Since that time, the Pancreatica Blog has also been interested in a number of studies that have looked at so-called “modified FOLFIRINOX regimens.” For example, one combination that entirely avoided the use of irinotecan. Another, substituted the drug-agent S-1 for 5-FU. Still another study modified the dosages of the agents such that the side-effects might be reduced while still aiming to maintain the efficacy for combating pancreatic cancer.
The most recent previous published article on Onivyde for advanced pancreatic cancer that we have been able to find (anywhere) is a Phase II study published on August 20, 2013 in the British Journal of Cancer by authors including a member of our Science Board, Professor Margaret Tempero. This study was commented on at the time here in the Pancreatica Blog. Onivyde had earlier received orphan drug status with the FDA for pancreatic cancer and was eligible for a Priority (expedited) Review.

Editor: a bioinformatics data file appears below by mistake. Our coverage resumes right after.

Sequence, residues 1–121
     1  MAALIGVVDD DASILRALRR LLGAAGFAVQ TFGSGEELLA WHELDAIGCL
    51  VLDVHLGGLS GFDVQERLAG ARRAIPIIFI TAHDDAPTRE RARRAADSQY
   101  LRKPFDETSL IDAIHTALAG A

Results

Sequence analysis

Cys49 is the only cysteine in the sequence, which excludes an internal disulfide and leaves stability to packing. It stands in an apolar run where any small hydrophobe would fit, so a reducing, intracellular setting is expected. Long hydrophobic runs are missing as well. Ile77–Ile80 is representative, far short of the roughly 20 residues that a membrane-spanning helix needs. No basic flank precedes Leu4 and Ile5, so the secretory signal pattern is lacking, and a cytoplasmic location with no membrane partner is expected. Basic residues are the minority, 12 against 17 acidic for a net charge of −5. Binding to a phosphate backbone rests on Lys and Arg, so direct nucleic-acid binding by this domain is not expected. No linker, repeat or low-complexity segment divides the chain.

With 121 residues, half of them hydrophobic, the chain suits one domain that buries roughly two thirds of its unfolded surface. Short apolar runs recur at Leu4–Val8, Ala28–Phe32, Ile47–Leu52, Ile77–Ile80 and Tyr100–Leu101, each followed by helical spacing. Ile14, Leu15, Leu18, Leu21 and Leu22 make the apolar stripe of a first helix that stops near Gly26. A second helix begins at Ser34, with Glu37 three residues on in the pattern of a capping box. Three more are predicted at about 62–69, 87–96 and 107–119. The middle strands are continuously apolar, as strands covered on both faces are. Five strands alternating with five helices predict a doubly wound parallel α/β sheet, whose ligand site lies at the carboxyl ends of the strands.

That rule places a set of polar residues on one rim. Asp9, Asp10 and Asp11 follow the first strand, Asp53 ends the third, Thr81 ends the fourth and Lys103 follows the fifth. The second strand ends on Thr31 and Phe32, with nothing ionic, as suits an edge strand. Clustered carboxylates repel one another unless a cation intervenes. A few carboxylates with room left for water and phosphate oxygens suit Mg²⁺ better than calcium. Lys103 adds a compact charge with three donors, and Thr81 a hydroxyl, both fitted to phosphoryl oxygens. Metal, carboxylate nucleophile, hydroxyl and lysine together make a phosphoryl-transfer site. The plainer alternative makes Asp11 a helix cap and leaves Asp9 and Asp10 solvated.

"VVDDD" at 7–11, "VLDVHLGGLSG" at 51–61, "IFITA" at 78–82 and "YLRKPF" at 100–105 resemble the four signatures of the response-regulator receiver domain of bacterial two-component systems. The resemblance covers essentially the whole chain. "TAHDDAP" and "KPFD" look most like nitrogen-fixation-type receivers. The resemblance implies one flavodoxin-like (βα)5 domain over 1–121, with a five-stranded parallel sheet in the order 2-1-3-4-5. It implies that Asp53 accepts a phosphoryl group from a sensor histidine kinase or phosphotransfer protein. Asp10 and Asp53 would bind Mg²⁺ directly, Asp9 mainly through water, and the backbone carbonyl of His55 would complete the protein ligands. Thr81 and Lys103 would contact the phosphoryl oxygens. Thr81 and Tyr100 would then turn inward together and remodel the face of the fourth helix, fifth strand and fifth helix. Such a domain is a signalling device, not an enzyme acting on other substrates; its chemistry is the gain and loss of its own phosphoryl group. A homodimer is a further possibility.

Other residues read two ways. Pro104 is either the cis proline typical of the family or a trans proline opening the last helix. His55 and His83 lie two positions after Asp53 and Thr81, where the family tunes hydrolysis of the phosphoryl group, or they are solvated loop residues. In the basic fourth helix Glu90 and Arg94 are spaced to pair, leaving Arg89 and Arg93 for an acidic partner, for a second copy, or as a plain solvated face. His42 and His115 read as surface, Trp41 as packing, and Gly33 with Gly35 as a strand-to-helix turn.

It appears that the much of data used by the FDA in determining its decision came from the NAPOLI 1 Phase III randomized open-label clinical trial that was begun on December 14, 2011 (estimated time of completion was June, 2015) for those with pancreatic cancer (417 patients; 79 study locations worldwide) who had become refractory to gemcitabine regimens. The three arms of this clinical trial included one for the use of Onivyde infusion alone, one for 5-FU and leucovorin, and one with Onivyde together with 5-FU and leucovorin. The metastatic pancreatic cancer patients who received the full three-drug combination had a median survival duration of 6.1 months, compared to 4.1 months with just 5-FU and leucovorin. There was not an advantage of Onivyde alone over 5-FU and leucovorin.
The two most common very serious side-effects of the Onivyde regimen resulting in what will be a boxed package warning are severe leucopenia (low white cell count) and diarrhea.